Monday, June 16, 2014

Looking Forward: An Update



In January, there were 47 books next to my door, now there are 37, and many books-in-progress scattered around my room.

Since my last post, I’ve finished the following from my original list: Unsouled (Neal Shusterman), The Emperor of Nihon-Ja (John Flanagan), Deadlock (Mark Walden), The Artemis Fowl Files (Eoin Colfer), and The Atlantis Complex (Eoin Colfer).

I enjoyed them all. In fact, all of them are on my Favorites shelf right now.

But what will it take to make that 37 a 27? Take a look:

1. Return of the King, by J.R.R. Tolkien

This was on the last list—but this time I am going to force myself to read it. I really will. I will be on a vacation, isolating myself from any other books which could possibly attract my fancy, and then nothing will prevent me from getting to the end of Aragorn’s story. And the hobbits, too. I guess they’re important.
Image via Goodreads

2. Mothership, by Martin Leicht and Isla Neal

I’ve already posted about Mothership, and I liked it so much that I bought it and its sequel, A Stranger Thing. Usually I’m not the kind of person who reads books about girls with babies and sexy aliens taking over the planet, but it sort of sucks you in and you can never leave it because it really is that funny. I can’t wait.

3. The Throne of Fire, by Rick Riordan

I have actually read this one. I have no recollection of how I obtained it, or what I was thinking when I bought it, but I recall it to be mildly amusing and slightly disappointing. We shall see what I think all these years later.
Image via Goodreads

4. Lady Thief, by A.C. Gaughen

If we’re going to be completely honest, Scarlet completely enveloped me in its emotional trauma and action scenes and lonely female character. So I anticipate I will enjoy Lady Thief just as much. (By the way, yesterday was the anniversary of King John signing the Magna Carta in 1215, which limited his power, on account of desperation that led to all this Robin Hood business.) (Funnily enough, there have been no other King Johns since then.)

5. Shadow and Bone, by Leigh Bardugo

I love the fake-Russia this world takes place in, and I love the story that surrounds it. The third book comes out in just a few weeks! I got the book free from the library, and even though I have a love-hate relationship with the Darkling (whose villainous merit I doubt; he should not put his emotions in such danger) I cannot wait to read it again. It’s a beautiful story. Surprising, sometimes. Amusing. You should check it out.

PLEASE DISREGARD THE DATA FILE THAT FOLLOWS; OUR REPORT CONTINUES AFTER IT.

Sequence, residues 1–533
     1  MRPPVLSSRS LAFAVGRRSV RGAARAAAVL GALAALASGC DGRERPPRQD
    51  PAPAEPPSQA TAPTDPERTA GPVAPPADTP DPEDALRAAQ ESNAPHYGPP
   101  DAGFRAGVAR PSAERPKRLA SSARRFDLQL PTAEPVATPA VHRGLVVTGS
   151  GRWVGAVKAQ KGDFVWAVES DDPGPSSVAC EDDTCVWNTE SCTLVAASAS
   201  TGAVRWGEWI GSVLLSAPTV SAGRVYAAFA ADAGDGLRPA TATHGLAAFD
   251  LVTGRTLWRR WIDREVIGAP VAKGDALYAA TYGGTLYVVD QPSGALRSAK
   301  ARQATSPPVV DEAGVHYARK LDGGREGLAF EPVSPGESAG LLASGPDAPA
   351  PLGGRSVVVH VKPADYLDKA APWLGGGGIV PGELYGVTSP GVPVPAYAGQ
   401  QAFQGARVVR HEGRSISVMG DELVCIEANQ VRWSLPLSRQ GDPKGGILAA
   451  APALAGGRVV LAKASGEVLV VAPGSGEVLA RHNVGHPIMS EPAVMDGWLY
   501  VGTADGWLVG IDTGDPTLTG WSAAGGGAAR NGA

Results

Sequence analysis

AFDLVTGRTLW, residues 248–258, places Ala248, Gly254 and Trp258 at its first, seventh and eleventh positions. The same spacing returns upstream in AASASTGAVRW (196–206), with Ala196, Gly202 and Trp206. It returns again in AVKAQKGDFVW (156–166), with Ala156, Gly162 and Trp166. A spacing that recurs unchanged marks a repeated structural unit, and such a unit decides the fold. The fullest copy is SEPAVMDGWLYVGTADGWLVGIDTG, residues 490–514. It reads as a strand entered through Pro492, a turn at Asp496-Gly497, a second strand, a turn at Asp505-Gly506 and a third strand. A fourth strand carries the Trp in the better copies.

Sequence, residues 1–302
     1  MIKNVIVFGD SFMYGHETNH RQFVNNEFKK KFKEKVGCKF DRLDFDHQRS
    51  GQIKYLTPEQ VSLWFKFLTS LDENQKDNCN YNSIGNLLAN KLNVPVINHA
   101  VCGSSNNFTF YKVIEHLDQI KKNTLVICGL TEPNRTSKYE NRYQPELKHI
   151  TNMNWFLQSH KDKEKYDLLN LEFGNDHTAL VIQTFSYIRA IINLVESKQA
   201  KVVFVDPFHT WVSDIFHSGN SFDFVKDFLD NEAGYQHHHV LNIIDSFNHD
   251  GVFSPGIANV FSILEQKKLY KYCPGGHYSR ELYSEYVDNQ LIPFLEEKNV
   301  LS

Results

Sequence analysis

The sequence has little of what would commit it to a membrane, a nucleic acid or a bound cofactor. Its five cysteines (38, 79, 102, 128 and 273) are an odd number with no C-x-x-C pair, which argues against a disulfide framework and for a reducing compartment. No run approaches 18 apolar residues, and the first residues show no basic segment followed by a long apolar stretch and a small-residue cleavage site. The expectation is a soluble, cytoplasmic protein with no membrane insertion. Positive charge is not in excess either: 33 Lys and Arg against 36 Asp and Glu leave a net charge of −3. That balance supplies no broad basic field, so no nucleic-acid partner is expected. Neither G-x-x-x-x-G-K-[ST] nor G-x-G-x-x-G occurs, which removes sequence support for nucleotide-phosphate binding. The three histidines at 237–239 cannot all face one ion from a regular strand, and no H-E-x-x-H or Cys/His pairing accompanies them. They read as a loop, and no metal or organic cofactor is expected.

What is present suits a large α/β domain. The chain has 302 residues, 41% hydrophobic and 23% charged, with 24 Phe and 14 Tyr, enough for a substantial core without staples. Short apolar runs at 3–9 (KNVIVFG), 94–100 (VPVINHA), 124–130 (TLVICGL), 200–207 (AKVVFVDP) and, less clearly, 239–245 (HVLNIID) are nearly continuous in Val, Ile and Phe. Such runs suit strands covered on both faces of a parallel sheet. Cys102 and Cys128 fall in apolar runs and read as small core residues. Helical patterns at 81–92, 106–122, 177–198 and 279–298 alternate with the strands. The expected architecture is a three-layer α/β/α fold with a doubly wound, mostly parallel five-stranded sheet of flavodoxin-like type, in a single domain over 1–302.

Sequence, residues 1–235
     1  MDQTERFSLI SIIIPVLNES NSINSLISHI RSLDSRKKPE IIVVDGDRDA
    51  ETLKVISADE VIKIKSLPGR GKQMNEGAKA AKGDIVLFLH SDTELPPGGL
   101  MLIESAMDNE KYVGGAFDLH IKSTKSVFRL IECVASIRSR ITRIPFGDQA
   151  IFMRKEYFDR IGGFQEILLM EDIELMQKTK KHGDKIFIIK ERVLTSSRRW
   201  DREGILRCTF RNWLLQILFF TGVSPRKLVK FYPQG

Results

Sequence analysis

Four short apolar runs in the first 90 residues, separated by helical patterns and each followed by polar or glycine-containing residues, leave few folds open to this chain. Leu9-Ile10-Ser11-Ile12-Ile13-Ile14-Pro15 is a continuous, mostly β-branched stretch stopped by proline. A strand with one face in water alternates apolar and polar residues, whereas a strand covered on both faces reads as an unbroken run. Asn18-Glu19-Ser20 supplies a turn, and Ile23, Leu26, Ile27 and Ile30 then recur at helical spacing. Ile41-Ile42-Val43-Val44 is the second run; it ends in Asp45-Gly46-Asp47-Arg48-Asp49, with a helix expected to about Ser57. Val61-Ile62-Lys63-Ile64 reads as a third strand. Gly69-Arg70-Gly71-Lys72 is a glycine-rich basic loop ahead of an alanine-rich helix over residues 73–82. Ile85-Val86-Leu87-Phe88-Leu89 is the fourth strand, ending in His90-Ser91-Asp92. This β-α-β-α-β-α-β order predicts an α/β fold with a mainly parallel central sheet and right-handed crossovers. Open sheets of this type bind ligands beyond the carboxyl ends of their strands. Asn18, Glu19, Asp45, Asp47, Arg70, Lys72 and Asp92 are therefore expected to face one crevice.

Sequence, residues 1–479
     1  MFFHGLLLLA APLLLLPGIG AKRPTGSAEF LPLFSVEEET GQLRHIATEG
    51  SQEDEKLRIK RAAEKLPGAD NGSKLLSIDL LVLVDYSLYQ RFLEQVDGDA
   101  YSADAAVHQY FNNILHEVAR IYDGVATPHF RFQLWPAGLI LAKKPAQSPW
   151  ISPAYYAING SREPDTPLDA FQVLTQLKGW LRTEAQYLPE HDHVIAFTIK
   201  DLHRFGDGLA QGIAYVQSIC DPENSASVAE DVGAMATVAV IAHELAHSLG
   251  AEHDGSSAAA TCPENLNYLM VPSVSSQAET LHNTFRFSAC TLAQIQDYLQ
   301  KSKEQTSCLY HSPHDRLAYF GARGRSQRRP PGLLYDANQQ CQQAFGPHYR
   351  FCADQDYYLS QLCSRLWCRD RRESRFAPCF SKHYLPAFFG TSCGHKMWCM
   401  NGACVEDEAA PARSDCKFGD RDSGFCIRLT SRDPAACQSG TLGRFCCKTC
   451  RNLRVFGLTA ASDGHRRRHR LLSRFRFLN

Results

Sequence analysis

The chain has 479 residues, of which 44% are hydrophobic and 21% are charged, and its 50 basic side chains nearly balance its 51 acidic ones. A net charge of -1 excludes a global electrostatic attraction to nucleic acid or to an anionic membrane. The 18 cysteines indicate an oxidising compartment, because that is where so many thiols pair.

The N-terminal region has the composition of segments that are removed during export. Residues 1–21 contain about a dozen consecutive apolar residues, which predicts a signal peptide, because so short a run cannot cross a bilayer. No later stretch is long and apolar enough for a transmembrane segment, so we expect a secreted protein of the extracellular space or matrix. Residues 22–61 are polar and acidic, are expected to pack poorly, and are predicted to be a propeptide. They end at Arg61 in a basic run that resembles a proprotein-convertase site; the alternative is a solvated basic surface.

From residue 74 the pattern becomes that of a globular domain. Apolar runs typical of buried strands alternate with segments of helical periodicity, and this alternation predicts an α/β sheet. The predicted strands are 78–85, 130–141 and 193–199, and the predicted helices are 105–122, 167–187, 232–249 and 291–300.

Image via Goodreads

6. The Girl, the Apprentice, and the Dogs of Iron, by Dave Luckett

I seem to recall buying this book with my father, perhaps in first or second grade. It’s the sequel to The Girl, The Dragon, and The Wild Magic. It’s 115 pages. For a younger audience perhaps, but I try to do the honor of rereading a book before I decide to get rid of it.

7. North! or Be Eaten, by Andrew Peterson

It’s a funny series, better for kids, but also deep and dark and mysterious. Mom originally found On the Edge of the Dark Sea of Darkness in one of those buy-Christian-stuff-for-Christmas magazines, and it was humorous and engaging for a sixth grader. It’s a little less fascinating six years later, but I still want to get through it, so I can read the third book (also in my pile): The Monster in the Hollows.
Image via Goodreads

8. The King Must Die, by Mary Renault

I have no idea what this is about, but my copy has a minotaur on the front, and such an imposing title begs for a read. We’ll see what happens.

9. The Complete Works of Edgar Allen Poe

This is perhaps the one book that I’m most afraid of reading. I got it as an award last year—and though I’m curious to actually read them all, it is also an imposing book. It’s like, four inches thick and has a big black raven on the front. I’ve read the short stories for school, the ones everybody knows, like “Tell-Tale Heart,” “The Raven,” “The Pendulum.” My grandpa sang a rendition of “Annabel Lee” once when he was visiting, and we got it on video. But I don’t wonder what else Mr. Poe has stored in that big black book of his.

Image via Goodreads
10. Cinder, by Marissa Meyer

I don’t know whether I’ll like this book or not. I believe it was bought for me because I asked, but I’m not convinced it shall enthrall me. It turns out that about 60% of my books are about the same thing, and so we shall see how well I accept it.


The goal is to get rid of these book piles before I go to college—we’ll see how well that gets accomplished.

What do you look forward to reading in the near future? Share below!

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